The traditional white line in the middle of the road could be a thing of the past if the expansion of a pilot scheme continues.
Transport chiefs are considering an expansion of trial scheme to remove road markings such as the central white line from busy roads. The white lines were left off resurfaced A-roads in London in order to introduce ‘a sense of uncertainty’ that would make motorists drive more cautiously.
Research has shown that removal of the central white line, which has been a feature of British roads since the end of the Great War, slows the average speed of vehicles by up to 13%.
A number of other ‘shared space’ initiatives to blur the lines between roads and space intended for pedestrians have shown a similar, somewhat surprising, reduction in speeds and in frequency of accidents.
Alan Bristow, director of road space management at Transport for London, told The Times: “The central road markings from some sections of roads were not reinstated after resurfacing.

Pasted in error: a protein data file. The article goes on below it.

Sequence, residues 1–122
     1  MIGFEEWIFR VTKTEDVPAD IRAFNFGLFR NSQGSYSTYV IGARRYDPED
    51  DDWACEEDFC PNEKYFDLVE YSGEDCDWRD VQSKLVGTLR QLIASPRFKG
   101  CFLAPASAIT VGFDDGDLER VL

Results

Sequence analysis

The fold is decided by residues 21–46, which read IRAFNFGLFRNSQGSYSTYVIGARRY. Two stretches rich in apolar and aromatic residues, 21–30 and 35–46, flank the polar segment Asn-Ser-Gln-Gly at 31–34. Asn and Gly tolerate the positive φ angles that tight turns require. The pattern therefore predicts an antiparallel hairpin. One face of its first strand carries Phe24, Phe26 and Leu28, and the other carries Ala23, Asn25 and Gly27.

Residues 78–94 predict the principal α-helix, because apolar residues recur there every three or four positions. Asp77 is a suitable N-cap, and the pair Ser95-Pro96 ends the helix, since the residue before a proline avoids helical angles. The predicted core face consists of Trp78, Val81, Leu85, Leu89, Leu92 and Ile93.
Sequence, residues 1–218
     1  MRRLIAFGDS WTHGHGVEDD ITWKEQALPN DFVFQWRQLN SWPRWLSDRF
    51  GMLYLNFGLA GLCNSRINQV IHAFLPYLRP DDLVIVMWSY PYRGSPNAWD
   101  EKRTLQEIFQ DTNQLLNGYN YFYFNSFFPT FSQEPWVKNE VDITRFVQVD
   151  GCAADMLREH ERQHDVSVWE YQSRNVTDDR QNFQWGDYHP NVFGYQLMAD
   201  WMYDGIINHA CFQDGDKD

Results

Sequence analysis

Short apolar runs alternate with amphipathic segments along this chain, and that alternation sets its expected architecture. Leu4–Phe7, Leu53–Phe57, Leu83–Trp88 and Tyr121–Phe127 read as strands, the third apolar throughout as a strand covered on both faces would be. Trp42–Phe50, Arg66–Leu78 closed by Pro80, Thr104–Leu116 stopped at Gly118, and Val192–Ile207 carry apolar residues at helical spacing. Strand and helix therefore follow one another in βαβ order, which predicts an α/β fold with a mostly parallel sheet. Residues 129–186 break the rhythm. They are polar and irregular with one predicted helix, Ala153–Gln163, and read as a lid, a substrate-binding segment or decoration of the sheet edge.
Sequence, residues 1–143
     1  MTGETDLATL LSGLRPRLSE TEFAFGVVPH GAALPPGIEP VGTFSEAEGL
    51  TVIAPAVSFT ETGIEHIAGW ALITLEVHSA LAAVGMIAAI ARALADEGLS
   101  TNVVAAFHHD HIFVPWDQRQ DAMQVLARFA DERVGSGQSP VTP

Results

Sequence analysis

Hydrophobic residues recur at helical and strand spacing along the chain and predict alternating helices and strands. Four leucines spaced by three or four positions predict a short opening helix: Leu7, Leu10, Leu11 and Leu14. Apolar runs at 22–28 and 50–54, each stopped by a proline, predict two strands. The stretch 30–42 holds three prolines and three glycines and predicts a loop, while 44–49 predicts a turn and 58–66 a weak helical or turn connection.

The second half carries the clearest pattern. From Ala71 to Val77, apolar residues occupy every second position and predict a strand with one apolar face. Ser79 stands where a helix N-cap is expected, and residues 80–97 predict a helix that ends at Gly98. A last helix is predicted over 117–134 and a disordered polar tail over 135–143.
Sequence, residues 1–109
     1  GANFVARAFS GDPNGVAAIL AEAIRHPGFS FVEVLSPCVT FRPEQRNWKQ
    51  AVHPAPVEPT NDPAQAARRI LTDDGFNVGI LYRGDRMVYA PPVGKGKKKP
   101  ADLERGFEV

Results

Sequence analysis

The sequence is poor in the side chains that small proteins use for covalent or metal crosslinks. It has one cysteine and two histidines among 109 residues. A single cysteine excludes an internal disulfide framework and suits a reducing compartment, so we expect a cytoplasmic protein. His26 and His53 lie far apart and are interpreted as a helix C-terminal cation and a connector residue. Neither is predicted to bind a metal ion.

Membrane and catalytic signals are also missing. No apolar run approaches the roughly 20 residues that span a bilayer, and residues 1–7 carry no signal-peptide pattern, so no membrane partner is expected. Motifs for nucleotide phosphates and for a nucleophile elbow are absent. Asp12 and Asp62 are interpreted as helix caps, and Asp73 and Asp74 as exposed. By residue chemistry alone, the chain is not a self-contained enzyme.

“The purpose of this was to see if there would be a reduction in vehicle speeds leading to safety benefits. The results were positive and the trial sites are [being] monitored to understand the longer term effects of their introduction.”
Road safety charity Roadpeace has issued a statement in support of the move, saying that ‘self-enforcing’ schemes like this are the best way to reduce speeding in the face of reducing police budgets.
But George Lee, chief executive of trade association The Road Safety Markings Association, stressed that the proven safety benefits of road markings should not be overlooked.
“We can all only hope that for the sake of innocent road users it does not turn out to be fatally flawed,” he said.
“There is little or no proof that removing road markings makes roads safer or that drivers confused by a lack of clear guidance are somehow safer drivers.”
His words were echoed by Paul Watters, head of roads policy at the AA. “Without exaggeration it is true to say that a simple pot of paint can save lives,” he said.
“In particular, highly visible markings at the edge and centre of the road that can be seen on a wet night are enormously cost-effective in saving lives.”
Plans are being made to introduce a similar scheme in north Norfolk, not far from the Queen’s Sandringham estate, which would see lines removed on narrower roads. There have also been experiments with road marking removal in parts of Wiltshire and Derbyshire.